Year 5-6 of the Domino primary school in Den Ham, Overijssel, have already been working with Chromebooks for about a year, and they were so enthusiastic about that this year children in year 3-4 have all received their ‘own’ Acer Chromebooks. Since then, certain reading assignments are proceeding more effectively and the pupils are picking up on the instructional material more quickly.
“Our mission is offering suitable instruction that matches up with the children’s development”, says Director André Dunnewind of the Domino primary school. The school is working with the most modern teaching methods: “Along with a number of pc’s and other digital devices, we now have around 65 Chromebook 11 N7.”
Dunnewind is supported at his school by a team of fifteen teachers, supporting personnel and an internal supervisor. Furthermore, the school has around one hundred pupils and is a part of the VGPO de Oosthoek (Association for Reformed Primary Education). This association consists twelve primary schools spread out over seven communities in Twente and Salland.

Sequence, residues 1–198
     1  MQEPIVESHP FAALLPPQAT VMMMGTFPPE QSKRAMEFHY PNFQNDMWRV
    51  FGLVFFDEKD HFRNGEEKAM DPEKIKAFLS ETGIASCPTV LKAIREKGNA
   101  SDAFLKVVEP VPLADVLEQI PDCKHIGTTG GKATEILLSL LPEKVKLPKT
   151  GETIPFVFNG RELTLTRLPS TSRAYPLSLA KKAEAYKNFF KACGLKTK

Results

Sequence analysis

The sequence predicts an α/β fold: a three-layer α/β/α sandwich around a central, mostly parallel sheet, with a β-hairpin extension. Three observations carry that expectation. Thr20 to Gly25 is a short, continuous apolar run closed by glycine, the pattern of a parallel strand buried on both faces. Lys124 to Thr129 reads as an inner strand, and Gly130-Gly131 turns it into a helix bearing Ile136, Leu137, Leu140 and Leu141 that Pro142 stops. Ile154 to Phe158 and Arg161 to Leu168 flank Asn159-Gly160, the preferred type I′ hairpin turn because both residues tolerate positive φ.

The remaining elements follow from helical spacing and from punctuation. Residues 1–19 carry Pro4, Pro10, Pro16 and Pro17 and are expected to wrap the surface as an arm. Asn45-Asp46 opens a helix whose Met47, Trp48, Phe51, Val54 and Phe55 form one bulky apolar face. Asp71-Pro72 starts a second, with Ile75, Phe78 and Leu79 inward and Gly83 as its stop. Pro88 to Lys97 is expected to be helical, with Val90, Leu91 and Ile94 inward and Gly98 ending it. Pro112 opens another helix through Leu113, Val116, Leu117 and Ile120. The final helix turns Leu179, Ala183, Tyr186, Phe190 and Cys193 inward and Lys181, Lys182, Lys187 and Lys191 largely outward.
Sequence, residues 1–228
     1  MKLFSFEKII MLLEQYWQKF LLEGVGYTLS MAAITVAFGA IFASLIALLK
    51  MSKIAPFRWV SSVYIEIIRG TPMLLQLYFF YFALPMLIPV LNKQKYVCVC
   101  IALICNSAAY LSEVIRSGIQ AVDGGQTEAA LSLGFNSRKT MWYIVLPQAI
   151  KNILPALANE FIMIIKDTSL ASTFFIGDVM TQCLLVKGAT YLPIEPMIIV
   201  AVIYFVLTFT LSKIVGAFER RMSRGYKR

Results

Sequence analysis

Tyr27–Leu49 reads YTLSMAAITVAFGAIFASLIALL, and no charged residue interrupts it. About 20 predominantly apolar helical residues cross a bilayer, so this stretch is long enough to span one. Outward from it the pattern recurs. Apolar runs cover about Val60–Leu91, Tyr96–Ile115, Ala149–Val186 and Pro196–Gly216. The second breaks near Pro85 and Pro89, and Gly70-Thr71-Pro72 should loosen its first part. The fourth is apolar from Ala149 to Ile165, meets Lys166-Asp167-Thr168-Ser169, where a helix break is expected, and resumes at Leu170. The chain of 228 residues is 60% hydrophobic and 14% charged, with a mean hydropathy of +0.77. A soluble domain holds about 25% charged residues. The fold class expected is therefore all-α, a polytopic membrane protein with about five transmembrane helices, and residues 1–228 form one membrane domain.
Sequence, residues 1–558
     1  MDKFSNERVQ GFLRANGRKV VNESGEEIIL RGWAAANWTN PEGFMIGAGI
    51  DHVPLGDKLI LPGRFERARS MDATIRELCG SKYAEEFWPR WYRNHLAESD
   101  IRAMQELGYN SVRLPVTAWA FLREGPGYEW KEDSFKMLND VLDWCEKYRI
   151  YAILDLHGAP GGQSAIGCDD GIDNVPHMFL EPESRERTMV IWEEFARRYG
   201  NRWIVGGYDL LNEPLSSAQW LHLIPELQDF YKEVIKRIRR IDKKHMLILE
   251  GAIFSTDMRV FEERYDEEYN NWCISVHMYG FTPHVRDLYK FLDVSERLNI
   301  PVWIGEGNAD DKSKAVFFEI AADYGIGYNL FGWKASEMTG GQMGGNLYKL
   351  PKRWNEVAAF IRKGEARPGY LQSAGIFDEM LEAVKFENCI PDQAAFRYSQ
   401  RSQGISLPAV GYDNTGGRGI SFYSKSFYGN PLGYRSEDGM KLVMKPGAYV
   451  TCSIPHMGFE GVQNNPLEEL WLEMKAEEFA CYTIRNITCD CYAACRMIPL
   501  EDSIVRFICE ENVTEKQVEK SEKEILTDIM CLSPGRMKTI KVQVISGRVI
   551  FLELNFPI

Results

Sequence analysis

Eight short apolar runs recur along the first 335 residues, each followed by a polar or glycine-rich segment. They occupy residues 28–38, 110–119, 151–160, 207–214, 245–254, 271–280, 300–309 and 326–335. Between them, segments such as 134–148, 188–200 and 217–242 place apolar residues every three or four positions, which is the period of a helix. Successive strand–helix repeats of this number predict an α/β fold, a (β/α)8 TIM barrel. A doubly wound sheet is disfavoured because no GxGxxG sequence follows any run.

Here are the main benefits that both teachers and students have observed in these Acer Chromebooks, directly from their words.
Concerning the use of Chromebooks, for which there is a broad spectrum of didactic software available, the advantages mentioned are greater flexibility, decreased work pressure for teachers and the fact that children can adjust the speed of study better to their individual capabilities. How does this work at Domino primary school?
“The Chromebooks aren’t just a good support for the pupils, but also for us as teachers”, says Heidie Overweg, “As soon as children in the class start working on their Chromebooks, we as teachers are relieved from work to a certain degree. But it is, of course, not the case that computers can replace teachers. Giving instruction and supervising children is and remains an important part of our profession.”
“On my Chromebook, where the monitoring software is activated, I can see what the children are doing”, Overweg continues. “When children are completing an assignment, you can see through the colour code who is doing well and who still needs help. We can also track the browser history and intervene when necessary if they are looking at sites that are not suitable for children. It’s most of all the “strong” pupils who really make a game out of it: they go on too quickly if the material is too easy. Thanks to the monitoring function you can correct them directly.”